Tiny fragments of DNA. That’s where this 250,000-year-old story begins for two endangered shark species. The speed and agility of a hunter like the shortfin mako, the mystery and nomadism of the great hammerhead shark isolated into small pieces that read like hints and clues to those versed in their code. After the DNA is extracted from the organ tissue of great hammerhead and shortfin mako sharks, a complex sequence of scientific sleuthing unfolds. Piece by piece, conservation geneticists assemble the genome (the entire set of genetic material in an animal) for these enigmatic creatures about which we still have much to learn. In the end, a blueprint for life is formed like some molecular patchwork quilt. And it is from this lab-level puzzle-building that alarm bells are now ringing for the great hammerhead, whereas we might glean some slim hope for the shortfin mako shark.
Scientists have sequenced to chromosome level, for the very first time, the entire genome of the Critically Endangered great hammerhead shark and the Endangered shortfin mako shark. Their findings raise red flags for the management of great hammerheads: low genetic diversity and signs of inbreeding come as insights that add a blow to populations already in free fall due to overfishing. With a larger historical effective population size (the ideal breeding population size), the shortfin mako shark shows higher genetic diversity that may make these sharks more resilient to ongoing environmental change, but only if the current fishing pressure on them is reduced. The populations of both shark species, the scientists showed, have suffered major declines over 250,000 years. While that might not seem applicable to current conservation, it is only by looking at the demographics (population trends) and conservation genetic measures in the context of their entire evolutionary history that we can holistically manage their populations today.
The findings come from a new scientific paper published in iScience and titled ‘Genomes of endangered great hammerhead and shortfin mako sharks reveal historic population declines and high levels of inbreeding in great hammerhead’, led by Professor Michael Stanhope from Cornell University and Professor Mahmood Shivji, director of the Save Our Seas Foundation Shark Research Center and Guy Harvey Research Institute, based at Nova Southeastern University, working with collaborators from Cornell University, Nova Southeastern University, Temple University, Governors State University, and the San Diego Zoo Wildlife Alliance. The scientists acquired and assembled entire genome sequences for great hammerhead and shortfin mako sharks to highlight their population histories and to decipher the information about their genome-level diversity that is needed for their conservation. They compared their genomes with genome information available for the whale shark, white shark, brownbanded bamboo shark and cloudy catshark.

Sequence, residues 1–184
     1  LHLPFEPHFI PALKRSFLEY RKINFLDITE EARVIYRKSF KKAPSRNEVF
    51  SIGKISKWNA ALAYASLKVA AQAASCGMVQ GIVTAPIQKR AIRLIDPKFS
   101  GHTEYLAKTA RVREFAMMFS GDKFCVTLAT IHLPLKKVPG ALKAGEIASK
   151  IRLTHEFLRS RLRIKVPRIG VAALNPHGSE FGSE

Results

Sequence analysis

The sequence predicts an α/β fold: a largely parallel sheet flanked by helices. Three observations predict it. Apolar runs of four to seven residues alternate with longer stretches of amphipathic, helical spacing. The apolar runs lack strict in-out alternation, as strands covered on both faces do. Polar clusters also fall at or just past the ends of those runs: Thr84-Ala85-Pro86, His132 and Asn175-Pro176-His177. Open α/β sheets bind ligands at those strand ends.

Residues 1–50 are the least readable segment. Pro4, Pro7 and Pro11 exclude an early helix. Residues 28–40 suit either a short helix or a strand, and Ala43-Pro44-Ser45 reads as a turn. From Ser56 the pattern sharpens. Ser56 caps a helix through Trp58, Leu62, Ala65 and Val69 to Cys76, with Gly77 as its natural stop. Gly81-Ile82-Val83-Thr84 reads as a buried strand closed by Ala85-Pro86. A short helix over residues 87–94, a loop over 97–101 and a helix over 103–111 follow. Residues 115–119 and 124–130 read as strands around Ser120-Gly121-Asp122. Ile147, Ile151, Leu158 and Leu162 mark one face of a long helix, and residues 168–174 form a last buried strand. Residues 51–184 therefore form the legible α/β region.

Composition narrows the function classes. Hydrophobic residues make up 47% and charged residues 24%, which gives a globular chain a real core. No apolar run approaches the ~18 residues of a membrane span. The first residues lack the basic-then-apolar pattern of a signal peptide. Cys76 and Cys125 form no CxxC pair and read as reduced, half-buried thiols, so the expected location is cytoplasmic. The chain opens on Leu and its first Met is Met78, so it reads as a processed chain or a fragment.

‘There is a handful of groups around the world that are dedicated to sequencing the genomes of a variety – if not all – living beings,’ explains Professor Shivji. ‘This push to gain genetic insights across a wide range of life on earth has been sparked by the successes of the Human Genome Project, which was based on the best technology at the time (about 22 years ago).’ The project, which helped uncover historical human migration patterns and gave us a human ‘blueprint’, resulted in a major leap forward for medicine and the study of human biology. ‘Technical advances in genomics mean that DNA sequencing approaches and related computational bioinformatics analyses are even more powerful and efficient now”, says Professor Stanhope. ‘We can apply these new technologies to gain biological insights about marine species, information that we hope can be leveraged to protect sharks and rays’.
The application of advancing techniques comes amid reports that paint a bleak picture for sharks and rays. One-third of all sharks and rays are threatened with extinction, according to the latest International Union for the Conservation of Nature (IUCN) Red List updates. It is a situation that is primarily the result of overfishing and is compounded by climate change and pollution. Managing and conserving sharks is no straightforward business; every layer of insight helps broaden our understanding of their biology, the threats they face, how they might respond to certain pressures and what solutions would be the best fit for each species. Conservation genomics is another tool in the arsenal of concerned scientists that adds a molecular – and now an evolutionary – perspective to a complex picture. ‘Having entire shark genomes deciphered at high resolution provides a much better view of the evolutionary history of these enigmatic species,’ reflects Professor Shivji, as we discuss how the 250,000-year timeframe broadens our very concept of what these sharks are. It’s certainly a perspective that cannot be gained from fisheries biology or ecology alone.